Exchange Queue & A: Get the Right Message

This month, our regular Exchange Queue & A columnist is joined by a guest contributor to resolve your most vexing Exchange issues.

Henrik Walther

With guest contributor Georg Hinterhofer

Message Tracking

Q. Can you share a hint or two on how you do message tracking? We find the GUI to be of limited use. We’re seeking advice on how to get the required information out of the message-tracking logs.

A: Using Windows PowerShell for message tracking is the preferable approach. It gives you more control over the query parameters and is much faster. A typical one-liner would be:

Get-TransportServer | Get-Messagetrackinglog –sender –Start "03/18/2012 09:00AM"

This would get you all message-tracking records from all transport servers in your environment that have a sending address of, starting March 18, 2012, at 9 a.m. If you want to export the results to one of your users or customers, pipe the results into the Export-CSVcmdlet:

Get-TransportServer | Get-Messagetrackinglog –sender –Start "03/18/2012 09:00AM" | Export-CSV –Path c:\temp\messagetracking.csv

Want to dig into the results for troubleshooting? Add the format-listcmdlet to the command:

Get-TransportServer | Get-Messagetrackinglog –sender –Start "03/18/2012 09:00AM" | fl

For ease of use and to spare a lot of typing, it’s a good idea to write your own small Windows PowerShell function. This allows for quick and effective searching. This example will search logs from all Hub Transport Servers, accept –sender as a parameter and search the last 24 hours worth of data:

functionmt {param ($sender) $SDate = (get-date).adddays(-1) get-transportserver | get-messagetrackinglog -sender $sender -start $SDate }

Feel free to adapt this function to suit your needs. You can also put this piece of code in the $profile .ps1 file so it gets loaded on startup. From then on, you would only need to type:

mt –sender

Use Updates for Rollups

Q. We’ve heard we can use the Updates folder on the Exchange 2010 installation source media to install rollups during the installation. Is this accurate?

A. Yes, that’s accurate—at least partially. You can use the Updates directory to install a matching rollup during a fresh Exchange 2010 installation, and cut down the required installation time. Just drop the .msp file into the respective directory, as shown in Figure 1.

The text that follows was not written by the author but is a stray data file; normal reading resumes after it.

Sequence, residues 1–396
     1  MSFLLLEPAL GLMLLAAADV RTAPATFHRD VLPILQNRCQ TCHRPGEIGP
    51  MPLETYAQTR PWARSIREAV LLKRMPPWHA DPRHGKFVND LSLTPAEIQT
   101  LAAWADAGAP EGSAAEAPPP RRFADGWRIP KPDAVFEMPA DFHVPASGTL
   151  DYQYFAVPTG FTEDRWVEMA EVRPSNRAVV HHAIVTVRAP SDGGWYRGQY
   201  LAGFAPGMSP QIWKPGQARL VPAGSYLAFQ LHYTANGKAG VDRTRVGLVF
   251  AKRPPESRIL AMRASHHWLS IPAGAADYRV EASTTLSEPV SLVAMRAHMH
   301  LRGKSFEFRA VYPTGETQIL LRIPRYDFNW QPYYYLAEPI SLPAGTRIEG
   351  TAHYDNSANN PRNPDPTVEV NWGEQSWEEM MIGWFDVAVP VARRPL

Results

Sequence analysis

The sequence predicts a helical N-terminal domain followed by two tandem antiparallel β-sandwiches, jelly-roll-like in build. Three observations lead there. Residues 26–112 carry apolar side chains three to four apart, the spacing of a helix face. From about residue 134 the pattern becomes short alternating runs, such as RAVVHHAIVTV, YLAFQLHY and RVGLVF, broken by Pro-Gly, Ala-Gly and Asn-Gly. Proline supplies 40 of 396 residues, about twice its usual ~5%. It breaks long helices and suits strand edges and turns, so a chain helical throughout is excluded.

Adding the .msp into the Updates directory lets you install a matching rollup

Figure 1 Adding the .msp into the Updates directory lets you install a matching rollup.

Do not attempt this for an upgrade installation, such as released to manufacturing to the second service pack, or the first service pack to the second service pack. This won’t work and will fail on installation. Upgrades need to be done sequentially and you can’t combine them in that manner. There’s more information on the TechNet Library page, “Install the Latest Update Rollup for Exchange 2010.”

SP1 or SP2?

Q. We’ve upgraded our Exchange 2010 Edge Servers to the second service pack. The installation completed without an error. However, when looking at the build numbers with Get-ExchangeServer, they still show as 14.1.xx, aka SP1. What went wrong here?

A. This is a little misleading, but actually expected behavior. Once an Edge subscription is in place, Microsoft doesn’t update build numbers as part of the regular EdgeSync process. If you ever need to redo the entire subscription (for example, if your certificate used for EdgeSync expires), you’ll see the build numbers will update as well.

Permissions Delays

Q. When I’m trying to grant full mailbox permissions to a mailbox in Exchange 2010, the list of mailboxes takes a long time to populate (anywhere from several minutes up to hours). Is there anything that can be done about that?

A. This is a common question. The reason for the “Select accounts” window populating so slowly is improper LDAP querying. You’re fetching all mailboxes, and applying the filter afterward. If you were searching for a mailbox named “Fred,” for example, you would first get a list of all security principals. Then you would check afterward to see if one of those is Fred’s. This process is painfully slow, especially in large user-count installations.